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January 15, 2015

Of Mountains and Men

Photo: J. Nixon

That snow should've been Nixon's cue to pay attention to the weather.

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A trip through the Rockies cools down
 

We (me, another Canadian, and Robert from Texas) pull into a parking lot in Lake Louise, Alberta — at least, I think that’s where we are. My visor keeps fogging, and even with it open it’s difficult to read signs shrouded in mist. As I come to a stop and put my foot down my body buckles and I almost drop the bike. It’s not due to the Harley-Davidson Road King’s heft, it’s because I can hardly feel my legs. They’re cramped and uncooperative after being clamped on the tank for the last hour in a vain attempt to conserve heat. I extend the sidestand after three fumbling attempts, peel myself slowly from the bike, flex my fingers and toes, and grimly savour the pins and needles flooding my extremities. It’s cold, wet, and getting dark — and we still have to find the hotel. Why did we leave so late? Oh yeah, that damn dam.

Despite our hopes, delaying departure earlier in the day until after a tour of the Revelstoke Dam does not result in clear skies. Weather in the mountains is changeable, and forecasts usually wrong. Continuing east on Highway 1, it’s not long before slow, heavy raindrops start falling and I’m cursing myself for forgetting waterproof gloves. (Lesson learned: always bring waterproof gloves.) Wet gloves alone are an uncomfortable inconvenience, but dropping temperatures and the Road King’s lack of heated grips worry me. As we wend our way up through the Columbia Mountains the mercury drops, the sign for Canyon Hot Springs passing like a cruel joke. We pause at Rogers Pass. Thankfully, so does the precipitation. We dismount and look around but there’s not much to see; the peaks are hidden in clouds and all that’s visible are ranks of conifers marching up into oblivion. I remove moist gloves and try to blow some warmth back into quickly chilling palms. It’s five degrees Celsius.

We continue east and the rain resumes but isn’t relentless — though when it does fall it’s punishing. And, being the purist (or masochist) that I am, I had the Road King’s windshield removed at the start of the trip. No protected pocket of air for me. Still, there are moments of sublimity amid the torment; there’s the descent into Donald along that sweeping S-bend by the Columbia River, and the break in the weather as we roll into Golden. We stop at the Fire Pit BBQ Smokehouse to warm up, and, realizing we’ve lost an hour passing back into Mountain Time, phone ahead to say we’ll be late.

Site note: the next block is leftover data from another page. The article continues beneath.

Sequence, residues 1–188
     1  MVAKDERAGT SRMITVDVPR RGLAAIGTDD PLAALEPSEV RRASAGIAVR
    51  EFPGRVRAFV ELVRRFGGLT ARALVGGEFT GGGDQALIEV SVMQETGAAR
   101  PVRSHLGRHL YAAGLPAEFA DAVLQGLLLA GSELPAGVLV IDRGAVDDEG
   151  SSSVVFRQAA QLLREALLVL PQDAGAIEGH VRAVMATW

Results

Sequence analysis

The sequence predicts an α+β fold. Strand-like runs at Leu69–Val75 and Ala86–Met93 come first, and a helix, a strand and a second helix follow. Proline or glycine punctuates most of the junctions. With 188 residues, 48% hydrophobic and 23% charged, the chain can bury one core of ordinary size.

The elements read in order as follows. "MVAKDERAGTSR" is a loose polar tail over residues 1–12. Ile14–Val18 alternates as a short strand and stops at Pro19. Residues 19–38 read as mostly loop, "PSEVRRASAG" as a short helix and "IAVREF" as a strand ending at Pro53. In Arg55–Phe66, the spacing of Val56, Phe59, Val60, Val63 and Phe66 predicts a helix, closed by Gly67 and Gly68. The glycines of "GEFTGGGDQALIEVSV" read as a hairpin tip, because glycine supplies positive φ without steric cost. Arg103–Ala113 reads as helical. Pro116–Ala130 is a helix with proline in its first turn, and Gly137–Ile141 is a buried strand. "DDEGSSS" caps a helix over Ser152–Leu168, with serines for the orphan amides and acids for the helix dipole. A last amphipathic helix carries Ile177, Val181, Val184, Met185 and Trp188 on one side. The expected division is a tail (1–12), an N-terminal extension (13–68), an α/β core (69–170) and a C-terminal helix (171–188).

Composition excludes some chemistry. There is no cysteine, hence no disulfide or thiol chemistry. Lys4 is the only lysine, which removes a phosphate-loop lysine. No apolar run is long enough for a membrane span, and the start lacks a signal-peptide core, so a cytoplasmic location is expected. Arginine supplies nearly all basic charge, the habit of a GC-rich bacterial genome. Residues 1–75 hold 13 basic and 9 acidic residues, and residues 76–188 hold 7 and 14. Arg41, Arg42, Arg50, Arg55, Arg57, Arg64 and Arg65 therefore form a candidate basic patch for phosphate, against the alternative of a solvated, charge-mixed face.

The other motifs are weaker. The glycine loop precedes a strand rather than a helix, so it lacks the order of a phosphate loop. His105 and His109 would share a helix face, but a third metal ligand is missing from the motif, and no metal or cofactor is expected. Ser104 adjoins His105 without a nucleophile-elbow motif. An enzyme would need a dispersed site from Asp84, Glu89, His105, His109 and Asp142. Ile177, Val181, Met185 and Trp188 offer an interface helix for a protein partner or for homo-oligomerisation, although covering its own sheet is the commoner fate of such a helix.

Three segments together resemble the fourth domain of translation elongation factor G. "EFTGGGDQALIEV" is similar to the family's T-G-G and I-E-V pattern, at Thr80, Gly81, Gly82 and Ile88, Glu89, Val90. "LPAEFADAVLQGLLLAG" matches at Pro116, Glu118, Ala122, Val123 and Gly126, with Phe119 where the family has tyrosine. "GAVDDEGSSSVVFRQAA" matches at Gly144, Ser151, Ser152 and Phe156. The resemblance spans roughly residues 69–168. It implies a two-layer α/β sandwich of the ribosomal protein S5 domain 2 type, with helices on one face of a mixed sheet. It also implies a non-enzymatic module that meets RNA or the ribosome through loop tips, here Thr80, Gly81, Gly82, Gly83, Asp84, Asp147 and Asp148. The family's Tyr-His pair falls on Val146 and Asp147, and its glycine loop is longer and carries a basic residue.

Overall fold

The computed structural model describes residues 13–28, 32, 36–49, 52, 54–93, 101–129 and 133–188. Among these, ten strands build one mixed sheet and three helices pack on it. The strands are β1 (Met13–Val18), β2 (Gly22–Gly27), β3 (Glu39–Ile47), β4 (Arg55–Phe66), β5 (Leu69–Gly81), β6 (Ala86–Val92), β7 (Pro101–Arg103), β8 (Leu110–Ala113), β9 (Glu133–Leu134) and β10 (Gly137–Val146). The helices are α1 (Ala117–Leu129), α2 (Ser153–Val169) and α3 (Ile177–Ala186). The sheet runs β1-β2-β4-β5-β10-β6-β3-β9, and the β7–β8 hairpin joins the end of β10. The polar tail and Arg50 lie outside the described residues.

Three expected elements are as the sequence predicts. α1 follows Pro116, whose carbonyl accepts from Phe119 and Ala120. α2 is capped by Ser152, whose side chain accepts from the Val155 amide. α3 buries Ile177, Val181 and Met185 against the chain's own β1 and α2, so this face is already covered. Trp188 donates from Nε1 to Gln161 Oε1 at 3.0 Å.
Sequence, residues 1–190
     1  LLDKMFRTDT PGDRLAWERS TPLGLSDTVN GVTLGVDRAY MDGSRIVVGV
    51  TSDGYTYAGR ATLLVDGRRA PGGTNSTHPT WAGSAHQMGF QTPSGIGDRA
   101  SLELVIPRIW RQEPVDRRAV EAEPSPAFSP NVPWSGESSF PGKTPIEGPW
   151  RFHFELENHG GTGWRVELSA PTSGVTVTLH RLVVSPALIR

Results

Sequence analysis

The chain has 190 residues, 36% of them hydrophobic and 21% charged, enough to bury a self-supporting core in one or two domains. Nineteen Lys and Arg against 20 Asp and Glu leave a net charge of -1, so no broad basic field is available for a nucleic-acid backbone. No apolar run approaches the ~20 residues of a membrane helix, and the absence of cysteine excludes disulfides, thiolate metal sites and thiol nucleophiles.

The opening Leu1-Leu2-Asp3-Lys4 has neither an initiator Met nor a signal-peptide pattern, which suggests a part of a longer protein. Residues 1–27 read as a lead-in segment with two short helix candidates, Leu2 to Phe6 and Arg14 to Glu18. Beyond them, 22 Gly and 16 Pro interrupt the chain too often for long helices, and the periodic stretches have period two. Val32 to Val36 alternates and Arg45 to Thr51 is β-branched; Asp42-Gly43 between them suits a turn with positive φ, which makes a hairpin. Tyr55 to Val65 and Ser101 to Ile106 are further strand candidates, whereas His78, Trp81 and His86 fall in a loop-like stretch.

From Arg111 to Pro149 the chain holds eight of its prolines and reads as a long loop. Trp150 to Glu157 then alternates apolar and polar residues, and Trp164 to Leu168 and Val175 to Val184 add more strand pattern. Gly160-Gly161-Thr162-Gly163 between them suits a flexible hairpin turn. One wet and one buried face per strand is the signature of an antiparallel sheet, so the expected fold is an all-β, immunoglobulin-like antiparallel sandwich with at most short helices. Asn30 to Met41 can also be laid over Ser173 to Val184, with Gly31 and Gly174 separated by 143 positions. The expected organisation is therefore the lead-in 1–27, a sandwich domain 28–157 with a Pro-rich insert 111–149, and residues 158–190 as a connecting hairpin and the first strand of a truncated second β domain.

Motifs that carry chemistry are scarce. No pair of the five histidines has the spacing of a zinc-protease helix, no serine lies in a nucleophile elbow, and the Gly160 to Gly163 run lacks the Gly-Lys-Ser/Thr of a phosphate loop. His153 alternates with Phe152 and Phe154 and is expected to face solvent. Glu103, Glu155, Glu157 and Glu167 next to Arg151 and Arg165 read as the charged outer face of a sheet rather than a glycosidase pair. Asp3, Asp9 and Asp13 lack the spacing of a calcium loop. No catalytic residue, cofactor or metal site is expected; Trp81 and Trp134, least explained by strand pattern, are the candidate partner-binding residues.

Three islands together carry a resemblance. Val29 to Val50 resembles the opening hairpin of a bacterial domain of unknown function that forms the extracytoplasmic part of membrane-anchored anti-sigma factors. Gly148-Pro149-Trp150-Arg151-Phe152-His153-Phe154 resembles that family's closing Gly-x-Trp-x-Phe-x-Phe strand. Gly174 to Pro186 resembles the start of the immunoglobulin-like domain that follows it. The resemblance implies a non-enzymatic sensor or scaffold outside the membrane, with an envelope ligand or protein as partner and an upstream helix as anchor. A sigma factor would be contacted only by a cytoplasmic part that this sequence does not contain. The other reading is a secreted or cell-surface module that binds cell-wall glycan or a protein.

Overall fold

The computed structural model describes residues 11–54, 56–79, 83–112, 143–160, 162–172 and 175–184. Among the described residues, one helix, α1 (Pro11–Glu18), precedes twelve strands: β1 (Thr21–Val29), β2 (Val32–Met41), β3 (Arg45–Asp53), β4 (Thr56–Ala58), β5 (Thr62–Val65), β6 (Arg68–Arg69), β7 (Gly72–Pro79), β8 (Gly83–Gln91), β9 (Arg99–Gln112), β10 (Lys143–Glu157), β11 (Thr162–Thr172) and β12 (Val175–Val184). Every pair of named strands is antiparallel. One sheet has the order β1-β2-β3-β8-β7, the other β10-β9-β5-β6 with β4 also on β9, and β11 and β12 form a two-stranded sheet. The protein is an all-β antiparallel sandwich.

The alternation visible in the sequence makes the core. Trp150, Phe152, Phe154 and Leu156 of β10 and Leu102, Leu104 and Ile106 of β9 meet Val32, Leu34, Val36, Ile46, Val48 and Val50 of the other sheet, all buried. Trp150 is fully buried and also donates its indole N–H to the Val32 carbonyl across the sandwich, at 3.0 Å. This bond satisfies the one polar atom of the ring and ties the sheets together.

“Bet you wish you had that windshield now,” Robert says as we prepare to leave. “No, it’s not so bad.” The Rockies don’t take kindly to hubris.

The ride from Golden to Lake Louise is by no means far (roughly 80 km), but today it’s some of the most miserable mileage I’ve endured. Icy rain now falls in earnest. The world becomes a slow-rolling blur and I hunker down, but it’s pointless. My hands are soaked and slowly turning to stone, my boots are leaking (lesson learned: don’t skimp on weatherproofing spray), and each battering of wind steals more precious body heat. The scenery stands in sharp contrast; the mountains impervious and permanent, as though a great flood could sweep through, wash everything away, and still they would stand.

The rain relents after Kicking Horse Pass and we arrive in a Lake Louise parking lot grim-faced and sodden. My companions make a call to find out where to go while I trudge off in search of warmth. Ten minutes later, having exhausted the patience of a souvenir store clerk with my squelching footsteps, I’m back at the bikes anticipating a brief ride to the hotel. “We’ve got farther to go,” says Robert. “What, like around the corner?” “No, we’ve got to go back on the highway, make a right, then go on down a ways.” Is this a joke? He assures me it’s not, and he won’t elaborate on how far “a ways” is.

They say everything’s bigger in Texas, but it turns out “a ways” isn’t far. After a foggy 15-minute ride in the gathering dusk we arrive at Baker Creek Mountain Resort and, judging by the pair of Harleys in the parking lot, Daniel and Martin (the Germans) are already here. We’re late, but after spending a half-day in a near-frozen state I will not skip a scalding shower. Afterwards, I walk into the restaurant pink-faced and glowing, spotting the Germans at a large table in the corner. “So, why are you late?” Daniel says, straight to the point. I briefly recap the day, the dam tour and our miserable ride. “Isn’t that interesting,” he says dryly. “Yesterday, a beautiful day, we Germans take our time and arrive late. You North Americans do the opposite.” I ask how long they’ve been here and he says a few hours. “We saw the weather would be bad, so we rode straight here.”